Phantom pain is the sensation of pain in a missing part of the body. It is most common in persons with an amputated limb, but can occur in patients with congenital missing limbs and spinal cord injury. Unlike psychosomatic pain, phantom pain appears to be a genuine physical sensation.
The cause of phantom pain is poorly understood. At first, it was thought that the brain was receiving pain impulses from damaged nerves which originally led to the missing parts. However, this theory cannot explain why persons who were born without a limb can experience phantom pain. Current theories concentrate on the role of the spinal cord in transmitting pain impulses as patients who have had their spinal cord completely severed have experienced phantom pain well below the injury site even though they have no control of their muscles and no sensation in the same area.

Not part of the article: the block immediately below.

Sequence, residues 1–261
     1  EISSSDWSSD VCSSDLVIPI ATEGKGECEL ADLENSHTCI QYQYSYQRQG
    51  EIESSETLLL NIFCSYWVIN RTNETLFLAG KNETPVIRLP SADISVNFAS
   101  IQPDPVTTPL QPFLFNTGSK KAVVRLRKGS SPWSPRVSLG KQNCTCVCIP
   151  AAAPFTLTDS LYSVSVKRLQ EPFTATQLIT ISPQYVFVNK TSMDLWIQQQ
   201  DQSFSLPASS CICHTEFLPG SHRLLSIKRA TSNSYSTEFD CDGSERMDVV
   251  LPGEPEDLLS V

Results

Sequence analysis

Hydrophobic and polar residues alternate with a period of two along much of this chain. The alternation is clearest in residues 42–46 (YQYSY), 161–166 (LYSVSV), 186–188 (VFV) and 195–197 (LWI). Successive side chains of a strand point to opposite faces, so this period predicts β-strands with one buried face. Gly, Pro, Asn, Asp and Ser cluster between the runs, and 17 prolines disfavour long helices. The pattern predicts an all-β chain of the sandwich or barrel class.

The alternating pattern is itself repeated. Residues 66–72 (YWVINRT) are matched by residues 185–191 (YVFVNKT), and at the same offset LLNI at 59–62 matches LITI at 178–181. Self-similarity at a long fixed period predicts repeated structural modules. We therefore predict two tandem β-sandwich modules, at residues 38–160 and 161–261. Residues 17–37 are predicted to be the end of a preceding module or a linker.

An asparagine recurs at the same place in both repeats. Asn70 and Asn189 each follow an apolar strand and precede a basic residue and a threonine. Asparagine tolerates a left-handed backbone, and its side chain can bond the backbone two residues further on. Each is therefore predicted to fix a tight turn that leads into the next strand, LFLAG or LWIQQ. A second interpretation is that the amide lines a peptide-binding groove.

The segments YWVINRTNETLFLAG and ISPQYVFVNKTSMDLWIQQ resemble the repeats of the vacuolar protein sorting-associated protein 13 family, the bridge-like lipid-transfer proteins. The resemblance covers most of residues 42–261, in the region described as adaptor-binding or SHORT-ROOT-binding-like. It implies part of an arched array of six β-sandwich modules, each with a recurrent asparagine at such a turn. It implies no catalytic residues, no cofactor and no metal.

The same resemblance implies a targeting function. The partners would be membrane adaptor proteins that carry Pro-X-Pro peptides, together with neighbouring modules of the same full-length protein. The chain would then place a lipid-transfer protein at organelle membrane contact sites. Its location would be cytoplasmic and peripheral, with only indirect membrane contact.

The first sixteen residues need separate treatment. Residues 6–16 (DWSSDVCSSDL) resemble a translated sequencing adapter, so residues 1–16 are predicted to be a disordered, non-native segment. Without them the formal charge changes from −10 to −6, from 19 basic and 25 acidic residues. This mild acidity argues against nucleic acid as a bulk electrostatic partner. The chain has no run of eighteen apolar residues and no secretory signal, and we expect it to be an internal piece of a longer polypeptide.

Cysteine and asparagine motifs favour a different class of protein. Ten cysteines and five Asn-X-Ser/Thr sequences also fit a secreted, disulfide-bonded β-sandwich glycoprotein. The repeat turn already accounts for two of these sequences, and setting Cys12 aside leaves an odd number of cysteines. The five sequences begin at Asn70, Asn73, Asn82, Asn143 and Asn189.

A new theory is that the brain is hard-wired to perceive the body as complete and that the sensation is actually entirely contained in the brain.
Phantom pain will respond to analgesics, but permanent relief is rare.